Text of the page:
Well before he became commandant of North Carolina's only military boarding academy, William Northrop regaled people with stories of serving in the jungles of Vietnam _ how he was wounded in battle, how some comrades committed suicide, how he used amphetamines on patrol.
But his war stories may be pure fiction.
There is no record Northrop ever served in the military, let alone Vietnam.
Northrop, 66, left as commandant at Oak Ridge Military Academy last fall after just a few months on the job, the same day a parent formally asked school officials to look into his background.
He refused to discuss his past or explain the discrepancies in his record to an Associated Press reporter. The academy's president would not discuss Northrop's background either.
If his claim of wartime service proves false, it will be the latest and one of the most audacious to emerge in recent years, and comes as the courts grapple with the constitutionality of a 2006 federal law that makes it a crime to pose as a war hero.
The academy, with an enrollment of about 125, had hired Northrop to oversee the cadets even though there had been long-standing suspicions about him, including a 1998 book on military impostors, "Stolen Valor," that pronounced Northrop a "pretender."
Northrop claimed in a 1992 book profiling veterans that he served as a Special Forces officer in Vietnam and Laos and also saw duty with the Israeli military. He provided intimate stories about life in the war zone and told the author of "Saigon to Jerusalem" that the experience still haunted him. Oak Ridge's archives, which Northrop helped develop, likewise say he served with the Army in Vietnam.
A photo on the Oak Ridge website shows Northrop in fatigues, boots and a dark beret.
In response to a request from the AP, the National Archives said it could find no record of Northrop's military service after extensive searches and a check with the FBI. The National Archives manages a big records center for those who served in the military, and even provides basic details on those who took part in covert operations.
Northrop's account of being wounded in the February 1968 battle of Lang Vei also doesn't match military records. Official accounts said 24 Americans were involved and 10 were killed. Northrop isn't named in those accounts, nor is he on a roster of Special Forces personnel from that time.
"He's lying. The whole thing is a lie," said Paul R. Longgrear, 67, who was in the Lang Vei battle. Longgrear said he was a little angry and repulsed while reading Northrop's account of Lang Vei from "Saigon to Jerusalem," written by Eric Lee.
The Israel Defense Forces also couldn't confirm any record of Northrop, and "Stolen Valor," by B.G. Burkett and Glenna Whitley, cited numerous inaccuracies in Northrop's war stories and his supposed service record.
Northrop told an AP reporter that he left Oak Ridge to work on a business opportunity, not because of any questions about his credentials.
"I'm not running for president. I'm not explaining anything," he said. He warned a reporter to "be careful."
Oak Ridge, a college preparatory school about 100 miles northwest of Raleigh that was founded in 1852 and bills itself as the second-oldest military academy in the country, has struggled recently. A few years ago, it was unable to pay its employees or its creditors. And a coach resigned last month after the Securities and Exchange Commission accused him of diverting money for his own use.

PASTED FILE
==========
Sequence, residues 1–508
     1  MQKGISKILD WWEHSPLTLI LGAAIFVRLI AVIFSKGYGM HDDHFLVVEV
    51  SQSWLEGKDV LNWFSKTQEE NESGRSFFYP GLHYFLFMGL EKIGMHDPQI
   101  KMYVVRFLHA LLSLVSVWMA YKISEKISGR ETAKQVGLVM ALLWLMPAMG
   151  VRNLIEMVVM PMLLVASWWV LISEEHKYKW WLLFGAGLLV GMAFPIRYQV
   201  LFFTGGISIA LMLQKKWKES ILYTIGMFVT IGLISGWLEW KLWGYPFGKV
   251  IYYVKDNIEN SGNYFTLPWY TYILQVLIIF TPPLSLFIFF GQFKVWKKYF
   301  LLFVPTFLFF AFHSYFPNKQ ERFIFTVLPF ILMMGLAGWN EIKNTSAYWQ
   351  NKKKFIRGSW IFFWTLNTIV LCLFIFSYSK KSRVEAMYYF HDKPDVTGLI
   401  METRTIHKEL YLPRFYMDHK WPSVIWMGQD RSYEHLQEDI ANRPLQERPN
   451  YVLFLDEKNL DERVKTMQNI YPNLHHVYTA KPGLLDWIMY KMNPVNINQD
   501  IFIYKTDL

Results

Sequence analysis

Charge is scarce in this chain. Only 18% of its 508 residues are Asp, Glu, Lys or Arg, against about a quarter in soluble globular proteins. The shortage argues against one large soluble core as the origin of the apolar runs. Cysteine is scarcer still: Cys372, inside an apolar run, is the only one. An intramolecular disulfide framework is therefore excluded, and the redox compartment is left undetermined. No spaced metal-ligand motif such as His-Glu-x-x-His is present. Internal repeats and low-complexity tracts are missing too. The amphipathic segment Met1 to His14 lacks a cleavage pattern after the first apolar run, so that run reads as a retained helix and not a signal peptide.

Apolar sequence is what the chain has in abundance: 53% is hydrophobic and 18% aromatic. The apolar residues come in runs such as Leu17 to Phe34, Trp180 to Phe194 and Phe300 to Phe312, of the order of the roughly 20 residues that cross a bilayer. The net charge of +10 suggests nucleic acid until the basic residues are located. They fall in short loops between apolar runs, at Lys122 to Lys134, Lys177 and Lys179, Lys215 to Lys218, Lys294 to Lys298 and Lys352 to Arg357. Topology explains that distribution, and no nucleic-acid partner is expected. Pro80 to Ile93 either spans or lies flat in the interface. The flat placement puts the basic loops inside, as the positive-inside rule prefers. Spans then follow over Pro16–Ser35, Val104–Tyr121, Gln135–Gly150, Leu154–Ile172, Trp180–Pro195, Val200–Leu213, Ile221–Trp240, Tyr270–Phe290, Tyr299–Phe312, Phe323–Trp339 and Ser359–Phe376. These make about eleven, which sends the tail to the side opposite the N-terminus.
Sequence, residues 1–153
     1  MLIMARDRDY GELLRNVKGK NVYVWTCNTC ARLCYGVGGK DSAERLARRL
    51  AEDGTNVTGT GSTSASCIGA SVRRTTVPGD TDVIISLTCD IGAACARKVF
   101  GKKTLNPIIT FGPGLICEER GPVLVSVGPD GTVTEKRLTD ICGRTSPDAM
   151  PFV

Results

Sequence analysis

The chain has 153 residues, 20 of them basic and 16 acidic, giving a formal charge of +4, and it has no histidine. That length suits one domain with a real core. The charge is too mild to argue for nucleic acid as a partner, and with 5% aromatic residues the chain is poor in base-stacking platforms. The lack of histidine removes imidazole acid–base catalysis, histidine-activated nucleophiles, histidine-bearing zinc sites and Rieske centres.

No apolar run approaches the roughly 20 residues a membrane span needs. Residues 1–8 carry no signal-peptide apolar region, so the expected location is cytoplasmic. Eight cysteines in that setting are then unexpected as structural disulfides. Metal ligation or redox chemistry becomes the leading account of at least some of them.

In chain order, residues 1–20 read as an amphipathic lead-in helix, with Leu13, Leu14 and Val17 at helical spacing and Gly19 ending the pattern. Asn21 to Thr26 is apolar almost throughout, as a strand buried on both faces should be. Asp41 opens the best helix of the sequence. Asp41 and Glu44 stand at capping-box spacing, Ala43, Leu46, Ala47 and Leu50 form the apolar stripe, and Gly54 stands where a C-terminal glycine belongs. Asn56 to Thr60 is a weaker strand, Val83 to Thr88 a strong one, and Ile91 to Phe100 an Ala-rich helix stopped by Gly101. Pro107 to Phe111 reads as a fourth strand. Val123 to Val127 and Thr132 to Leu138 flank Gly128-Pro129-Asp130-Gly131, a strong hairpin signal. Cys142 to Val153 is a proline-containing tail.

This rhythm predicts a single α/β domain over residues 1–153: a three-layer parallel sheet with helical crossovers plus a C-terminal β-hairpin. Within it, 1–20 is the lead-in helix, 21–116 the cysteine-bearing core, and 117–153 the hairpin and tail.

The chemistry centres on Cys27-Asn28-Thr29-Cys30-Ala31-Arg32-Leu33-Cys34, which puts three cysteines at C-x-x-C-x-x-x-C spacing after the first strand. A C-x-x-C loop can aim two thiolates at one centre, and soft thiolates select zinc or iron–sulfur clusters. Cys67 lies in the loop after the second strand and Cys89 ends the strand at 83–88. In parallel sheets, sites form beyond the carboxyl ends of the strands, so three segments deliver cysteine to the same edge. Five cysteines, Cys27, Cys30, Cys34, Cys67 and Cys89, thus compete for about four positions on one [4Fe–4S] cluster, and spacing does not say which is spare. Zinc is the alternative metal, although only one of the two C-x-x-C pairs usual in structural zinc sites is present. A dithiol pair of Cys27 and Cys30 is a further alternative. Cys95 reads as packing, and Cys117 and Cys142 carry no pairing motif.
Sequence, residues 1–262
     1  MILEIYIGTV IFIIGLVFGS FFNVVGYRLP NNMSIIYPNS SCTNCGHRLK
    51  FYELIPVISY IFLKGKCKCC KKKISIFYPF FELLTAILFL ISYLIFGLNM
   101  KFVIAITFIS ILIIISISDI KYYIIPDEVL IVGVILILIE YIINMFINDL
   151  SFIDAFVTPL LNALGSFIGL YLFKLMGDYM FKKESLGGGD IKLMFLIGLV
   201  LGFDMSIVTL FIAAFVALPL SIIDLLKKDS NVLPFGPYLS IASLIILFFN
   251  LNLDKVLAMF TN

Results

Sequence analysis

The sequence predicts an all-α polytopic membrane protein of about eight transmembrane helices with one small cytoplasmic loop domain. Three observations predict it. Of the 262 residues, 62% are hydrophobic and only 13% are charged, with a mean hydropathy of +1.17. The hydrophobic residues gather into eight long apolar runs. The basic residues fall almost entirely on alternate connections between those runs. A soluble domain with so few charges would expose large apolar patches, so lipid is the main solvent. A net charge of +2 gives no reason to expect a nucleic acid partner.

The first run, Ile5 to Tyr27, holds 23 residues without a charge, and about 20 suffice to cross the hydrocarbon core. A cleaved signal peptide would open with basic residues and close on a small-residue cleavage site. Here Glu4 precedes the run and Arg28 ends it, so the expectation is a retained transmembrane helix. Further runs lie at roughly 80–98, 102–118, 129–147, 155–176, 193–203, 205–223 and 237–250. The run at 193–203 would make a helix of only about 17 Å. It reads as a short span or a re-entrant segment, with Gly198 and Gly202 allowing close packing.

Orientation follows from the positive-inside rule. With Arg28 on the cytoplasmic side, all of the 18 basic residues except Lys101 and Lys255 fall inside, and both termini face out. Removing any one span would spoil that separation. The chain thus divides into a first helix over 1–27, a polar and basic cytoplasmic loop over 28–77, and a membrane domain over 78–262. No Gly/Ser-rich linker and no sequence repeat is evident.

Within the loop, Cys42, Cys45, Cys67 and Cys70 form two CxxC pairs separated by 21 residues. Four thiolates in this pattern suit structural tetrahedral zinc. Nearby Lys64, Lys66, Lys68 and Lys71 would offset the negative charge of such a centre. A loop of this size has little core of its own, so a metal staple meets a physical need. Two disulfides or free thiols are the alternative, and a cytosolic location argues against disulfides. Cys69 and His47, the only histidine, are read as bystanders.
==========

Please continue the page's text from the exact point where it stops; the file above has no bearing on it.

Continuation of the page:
Cuyler McKnight, who was Oak Ridge president when Northrop was hired, said Northrop was working as a volunteer in the academy's archives office when the two met in 2009. By the middle of 2010, the academy needed a commandant, and McKnight thought Northrop, a 1962 graduate, would be good for the job because he clearly cared for the school.
McKnight said he learned of concerns about Northrop's background only after he left as president in September.
The current president, David Johnson, said in a note to parents that he accepted Northrop's resignation Oct. 26, and touted improvements Northrop made to the campus. In an interview, Johnson said he was unaware of any worries about Northrop's background before or after the commandant's departure.
However, Lori Yon, whose 17-year-old son attended Oak Ridge, said she sent a hand-delivered letter to Johnson on the day of Northrop's departure asking for an investigation. She had been looking into the commandant's history after she found encounters with him to be volatile and bizarre. One time, she said, he flew into a tirade after she informed him about her son's back injury. Yon has since taken her son out of the academy.
Northrop told a reporter that Yon was spreading nonsense about him and said her son just "couldn't cut it."
School officials have refused to say whether they are investigating Northrop. Recently he was a guest speaker at a student ceremony, according to two people who attended. They spoke on condition of anonymity, citing fears of retribution from school leaders.
Jim Shields, who has an 18-year-old son at Oak Ridge, said Northrop typically wore civilian clothes on campus. But on one September afternoon, Shields saw Northrop wearing an Army uniform with captain's bars, patches for Rangers and Special Forces, and three full rows of service ribbons.
Congress passed a law that makes it illegal to falsely claim to have been awarded medals or other decorations from the U.S. military. A federal court last year deemed the law unconstitutional, saying it infringes on free speech. The case _ involving Rick Strandlof, who was arrested in 2009 after claiming he was wounded in Iraq as a Marine and received the Purple Heart and Silver Star _ is now before an appeals court.
AP National Writer Allen G. Breed contributed to this report.